NASA Asked How Astronauts Can Poop Better, and the Answers Are Fantastic
After years of shooting Earth's smartest guinea pigs into space, putting humans on the moon, and admitting astronaut ice cream is a big fat lie, NASA in its wisdom recently asked ordinary citizens like you and me: Tell us a better way to fight poop than adult diapers and we'll give you $30,000. Finally, we can take a look at the winning ideas.
"As astronauts travel farther into the solar system, explorers may need to remain in their suits for several days on their way back to Earth in the event of an emergency situation," NASA explained in a statement announcing the winners. "This challenge sought solutions for fecal, urine, and menstrual management systems for the crew’s launch and entry suits."
Of course, the scientific geniuses of this noble country obliged. More than 19,000 undoubtedly brilliant competitors submitted more than 5,000 undoubtedly brilliant ideas to the Space Poop Challenge, all vying for the $15,000 grand prize and the lower tiers offered by the NASA Tournament Lab.
Hugo Shelley came in third for his SWIMSuit -- a zero-gravity underwear made for six-day use. The current NASA diapers only last for a few hours or so. Wearing one for almost a week would surely economize unnecessarily wasted mission hours. The concept -- which looks kinda like UnderArmour compression shorts -- won him $5,000.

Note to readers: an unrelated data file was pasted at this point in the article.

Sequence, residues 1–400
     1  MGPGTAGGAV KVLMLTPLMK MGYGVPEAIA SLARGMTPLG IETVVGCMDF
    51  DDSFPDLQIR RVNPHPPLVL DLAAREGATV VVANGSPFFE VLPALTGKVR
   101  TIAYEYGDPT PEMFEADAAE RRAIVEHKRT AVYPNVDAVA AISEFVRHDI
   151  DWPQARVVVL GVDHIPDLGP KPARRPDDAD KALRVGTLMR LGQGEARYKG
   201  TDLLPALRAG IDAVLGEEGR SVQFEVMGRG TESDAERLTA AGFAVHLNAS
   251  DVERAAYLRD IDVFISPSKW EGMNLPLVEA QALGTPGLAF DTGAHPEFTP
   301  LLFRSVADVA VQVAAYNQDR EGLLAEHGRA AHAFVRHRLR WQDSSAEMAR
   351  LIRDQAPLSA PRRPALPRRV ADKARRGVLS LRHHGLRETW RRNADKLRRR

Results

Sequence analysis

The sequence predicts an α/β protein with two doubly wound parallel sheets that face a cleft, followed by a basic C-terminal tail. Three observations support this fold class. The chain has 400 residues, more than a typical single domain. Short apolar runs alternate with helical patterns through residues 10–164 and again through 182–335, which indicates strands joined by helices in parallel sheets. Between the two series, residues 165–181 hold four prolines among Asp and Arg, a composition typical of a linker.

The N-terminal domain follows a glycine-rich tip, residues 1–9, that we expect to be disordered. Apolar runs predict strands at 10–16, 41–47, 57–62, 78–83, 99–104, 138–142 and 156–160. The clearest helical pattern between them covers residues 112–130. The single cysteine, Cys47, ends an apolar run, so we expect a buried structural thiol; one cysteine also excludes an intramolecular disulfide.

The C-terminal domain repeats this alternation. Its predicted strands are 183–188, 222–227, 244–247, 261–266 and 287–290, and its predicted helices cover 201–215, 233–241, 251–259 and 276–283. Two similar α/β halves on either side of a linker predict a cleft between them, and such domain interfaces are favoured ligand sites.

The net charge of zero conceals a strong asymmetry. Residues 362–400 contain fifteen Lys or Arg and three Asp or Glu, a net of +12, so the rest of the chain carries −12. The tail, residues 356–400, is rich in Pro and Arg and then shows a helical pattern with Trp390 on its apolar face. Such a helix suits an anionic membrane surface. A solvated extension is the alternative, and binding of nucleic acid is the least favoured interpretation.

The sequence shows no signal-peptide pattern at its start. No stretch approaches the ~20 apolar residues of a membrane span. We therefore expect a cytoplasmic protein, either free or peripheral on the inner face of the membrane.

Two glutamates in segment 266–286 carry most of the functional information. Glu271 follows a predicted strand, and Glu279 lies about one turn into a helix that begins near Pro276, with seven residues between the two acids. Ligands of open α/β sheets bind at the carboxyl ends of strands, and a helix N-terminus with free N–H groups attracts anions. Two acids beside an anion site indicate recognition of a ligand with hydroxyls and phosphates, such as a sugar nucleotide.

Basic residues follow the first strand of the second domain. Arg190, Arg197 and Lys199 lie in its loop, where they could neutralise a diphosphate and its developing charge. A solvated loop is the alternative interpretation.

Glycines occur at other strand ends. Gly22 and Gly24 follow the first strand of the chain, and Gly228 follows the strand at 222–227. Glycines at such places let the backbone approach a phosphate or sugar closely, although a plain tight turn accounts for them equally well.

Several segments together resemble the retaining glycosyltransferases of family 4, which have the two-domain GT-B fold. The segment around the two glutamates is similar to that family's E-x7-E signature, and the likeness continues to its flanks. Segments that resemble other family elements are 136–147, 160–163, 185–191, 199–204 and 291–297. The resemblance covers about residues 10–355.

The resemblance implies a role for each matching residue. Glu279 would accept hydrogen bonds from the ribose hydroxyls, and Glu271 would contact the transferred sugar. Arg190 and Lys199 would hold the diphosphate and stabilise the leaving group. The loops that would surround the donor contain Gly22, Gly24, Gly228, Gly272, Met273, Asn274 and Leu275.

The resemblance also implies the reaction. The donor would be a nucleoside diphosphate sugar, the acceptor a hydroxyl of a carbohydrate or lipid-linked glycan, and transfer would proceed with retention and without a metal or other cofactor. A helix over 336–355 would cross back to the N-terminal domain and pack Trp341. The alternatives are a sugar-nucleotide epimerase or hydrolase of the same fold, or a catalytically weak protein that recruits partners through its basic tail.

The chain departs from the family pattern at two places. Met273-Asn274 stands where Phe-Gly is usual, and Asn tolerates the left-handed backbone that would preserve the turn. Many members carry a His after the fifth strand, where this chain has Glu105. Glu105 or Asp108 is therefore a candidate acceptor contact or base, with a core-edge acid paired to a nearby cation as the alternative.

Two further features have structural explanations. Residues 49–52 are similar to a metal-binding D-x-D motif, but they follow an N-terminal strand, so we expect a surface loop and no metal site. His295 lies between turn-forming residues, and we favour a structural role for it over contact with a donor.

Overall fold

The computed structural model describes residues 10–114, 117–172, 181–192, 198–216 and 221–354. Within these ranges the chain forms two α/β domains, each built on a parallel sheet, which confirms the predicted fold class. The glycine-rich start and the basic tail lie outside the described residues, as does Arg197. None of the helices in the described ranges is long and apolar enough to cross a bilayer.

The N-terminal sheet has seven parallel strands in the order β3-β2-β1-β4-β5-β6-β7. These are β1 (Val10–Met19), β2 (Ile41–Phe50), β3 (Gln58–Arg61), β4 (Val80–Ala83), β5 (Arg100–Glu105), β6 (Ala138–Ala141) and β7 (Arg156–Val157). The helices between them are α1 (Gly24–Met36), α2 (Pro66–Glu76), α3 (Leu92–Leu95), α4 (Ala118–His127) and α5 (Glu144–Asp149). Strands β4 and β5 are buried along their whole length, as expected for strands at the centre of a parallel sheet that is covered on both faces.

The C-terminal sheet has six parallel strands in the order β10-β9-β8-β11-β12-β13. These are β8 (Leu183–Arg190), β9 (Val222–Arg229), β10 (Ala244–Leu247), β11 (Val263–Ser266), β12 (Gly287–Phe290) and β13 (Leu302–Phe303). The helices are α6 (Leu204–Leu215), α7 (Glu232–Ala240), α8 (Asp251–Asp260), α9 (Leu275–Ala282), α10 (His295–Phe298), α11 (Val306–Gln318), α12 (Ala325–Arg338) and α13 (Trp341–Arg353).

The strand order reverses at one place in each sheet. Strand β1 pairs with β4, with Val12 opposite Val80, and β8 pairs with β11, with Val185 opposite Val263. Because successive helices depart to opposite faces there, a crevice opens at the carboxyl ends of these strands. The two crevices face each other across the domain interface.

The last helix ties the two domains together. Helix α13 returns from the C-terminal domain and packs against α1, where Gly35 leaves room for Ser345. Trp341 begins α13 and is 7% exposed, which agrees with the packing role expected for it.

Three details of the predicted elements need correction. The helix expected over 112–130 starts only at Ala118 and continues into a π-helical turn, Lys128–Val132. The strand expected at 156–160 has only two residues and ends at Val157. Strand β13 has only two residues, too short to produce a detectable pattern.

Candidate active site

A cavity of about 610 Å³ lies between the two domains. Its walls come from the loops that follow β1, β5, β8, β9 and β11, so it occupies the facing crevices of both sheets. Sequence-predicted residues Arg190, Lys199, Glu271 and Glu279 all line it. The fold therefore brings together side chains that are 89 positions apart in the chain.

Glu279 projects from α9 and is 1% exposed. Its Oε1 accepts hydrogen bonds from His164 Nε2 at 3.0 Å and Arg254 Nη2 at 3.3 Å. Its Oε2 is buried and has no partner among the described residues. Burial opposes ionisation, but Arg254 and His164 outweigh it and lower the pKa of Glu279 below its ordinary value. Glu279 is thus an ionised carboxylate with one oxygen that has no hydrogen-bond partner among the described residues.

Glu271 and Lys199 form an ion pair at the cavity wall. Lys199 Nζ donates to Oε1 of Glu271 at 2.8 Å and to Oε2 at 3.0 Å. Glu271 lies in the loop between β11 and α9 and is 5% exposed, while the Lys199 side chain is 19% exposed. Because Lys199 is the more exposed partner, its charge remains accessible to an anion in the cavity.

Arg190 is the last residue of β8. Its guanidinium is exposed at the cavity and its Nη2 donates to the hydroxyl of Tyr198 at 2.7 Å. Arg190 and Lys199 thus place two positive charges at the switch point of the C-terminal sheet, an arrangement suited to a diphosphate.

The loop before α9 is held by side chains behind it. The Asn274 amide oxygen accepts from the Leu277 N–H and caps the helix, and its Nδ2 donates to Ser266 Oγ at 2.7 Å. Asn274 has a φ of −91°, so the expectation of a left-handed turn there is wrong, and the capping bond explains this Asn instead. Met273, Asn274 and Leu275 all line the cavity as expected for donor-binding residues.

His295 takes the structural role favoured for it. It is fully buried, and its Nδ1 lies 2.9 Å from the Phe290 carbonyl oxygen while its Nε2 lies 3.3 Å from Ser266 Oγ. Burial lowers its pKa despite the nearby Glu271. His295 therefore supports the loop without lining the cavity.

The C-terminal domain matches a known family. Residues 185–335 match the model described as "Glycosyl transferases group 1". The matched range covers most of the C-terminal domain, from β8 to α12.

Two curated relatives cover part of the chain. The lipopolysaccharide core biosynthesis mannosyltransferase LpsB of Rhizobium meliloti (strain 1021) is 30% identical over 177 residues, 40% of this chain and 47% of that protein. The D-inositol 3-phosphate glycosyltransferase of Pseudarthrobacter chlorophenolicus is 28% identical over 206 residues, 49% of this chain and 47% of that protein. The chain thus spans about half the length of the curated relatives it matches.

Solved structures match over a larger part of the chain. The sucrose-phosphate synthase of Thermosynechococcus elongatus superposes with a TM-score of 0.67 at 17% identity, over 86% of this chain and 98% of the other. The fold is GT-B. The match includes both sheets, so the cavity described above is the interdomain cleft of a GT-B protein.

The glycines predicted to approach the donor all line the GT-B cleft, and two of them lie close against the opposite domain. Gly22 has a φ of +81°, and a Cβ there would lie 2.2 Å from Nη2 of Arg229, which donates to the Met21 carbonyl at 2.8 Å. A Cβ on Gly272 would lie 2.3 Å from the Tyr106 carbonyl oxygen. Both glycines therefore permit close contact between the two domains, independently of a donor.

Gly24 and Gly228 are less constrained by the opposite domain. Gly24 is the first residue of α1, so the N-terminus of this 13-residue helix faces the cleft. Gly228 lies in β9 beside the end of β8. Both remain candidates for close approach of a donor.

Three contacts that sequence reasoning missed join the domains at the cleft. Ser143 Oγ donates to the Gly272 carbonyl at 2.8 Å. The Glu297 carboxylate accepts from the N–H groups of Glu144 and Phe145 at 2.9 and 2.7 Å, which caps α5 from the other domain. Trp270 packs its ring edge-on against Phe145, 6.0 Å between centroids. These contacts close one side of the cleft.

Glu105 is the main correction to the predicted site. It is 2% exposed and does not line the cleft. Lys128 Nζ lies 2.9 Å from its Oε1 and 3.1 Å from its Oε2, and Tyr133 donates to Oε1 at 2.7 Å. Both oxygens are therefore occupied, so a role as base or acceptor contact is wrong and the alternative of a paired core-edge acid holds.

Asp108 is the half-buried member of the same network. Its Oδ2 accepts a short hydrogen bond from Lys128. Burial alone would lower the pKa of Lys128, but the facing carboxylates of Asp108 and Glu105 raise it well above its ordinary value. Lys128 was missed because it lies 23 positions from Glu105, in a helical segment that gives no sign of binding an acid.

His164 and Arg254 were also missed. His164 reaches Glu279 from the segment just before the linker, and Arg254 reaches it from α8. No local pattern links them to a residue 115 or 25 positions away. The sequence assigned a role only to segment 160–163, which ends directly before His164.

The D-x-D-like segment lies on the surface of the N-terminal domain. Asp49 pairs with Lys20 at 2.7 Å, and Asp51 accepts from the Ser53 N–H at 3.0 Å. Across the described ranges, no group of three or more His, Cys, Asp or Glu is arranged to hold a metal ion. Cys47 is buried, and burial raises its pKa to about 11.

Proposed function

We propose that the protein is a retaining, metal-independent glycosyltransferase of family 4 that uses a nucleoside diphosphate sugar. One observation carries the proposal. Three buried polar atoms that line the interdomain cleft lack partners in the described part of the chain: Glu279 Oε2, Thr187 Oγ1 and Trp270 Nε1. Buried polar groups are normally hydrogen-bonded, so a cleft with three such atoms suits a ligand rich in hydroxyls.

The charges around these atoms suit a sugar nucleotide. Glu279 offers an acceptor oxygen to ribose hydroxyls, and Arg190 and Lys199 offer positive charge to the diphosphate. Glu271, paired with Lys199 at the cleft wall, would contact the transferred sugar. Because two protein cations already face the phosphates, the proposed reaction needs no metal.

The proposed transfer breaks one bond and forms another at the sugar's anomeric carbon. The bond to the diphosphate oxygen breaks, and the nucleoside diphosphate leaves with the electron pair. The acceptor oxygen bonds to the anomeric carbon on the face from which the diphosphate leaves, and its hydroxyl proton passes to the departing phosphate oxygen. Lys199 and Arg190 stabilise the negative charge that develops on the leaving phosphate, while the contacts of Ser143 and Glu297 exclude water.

Team Space Poop Unification of Doctors (SPUDs) took second place and $10,000, for their Air-powered Spacesuit Waste Disposal System, which uses air to push waste from off the astronaut's body to disposal section of the suit.
And Thatcher Cardon took home the grand prize of $15,000 -- for his MACES Perineal Access & Toileting System (M-PATS) -- a system inspired by minimally invasive surgery that "can do some amazing things in very small openings."
Exactly the kind of scientific thinking we need more of. Congrats to all the winners. NASA's going to put all their ideas through testing of course, and later incorporate the best results into its spacesuits. Seriously, poop jokes aside, Kirstyn Johnson, a spacesuit engineer at NASA pointed out in a statement: "The ability to protect the crew while in a pressurized suit for such an emergency situation is one that has never before been tested in space and is critical for crew health." Shit gets real out there.
While Thrillist was unable to secure additional comment from NASA on this story, we were definitely, absolutely, positively able to track down noted fecal expert, linguistics enthusiast, and science man Maryland State Senator Clay Davis -- last seen on The Wire -- who had this to say when presented with the hot, fresh ideas: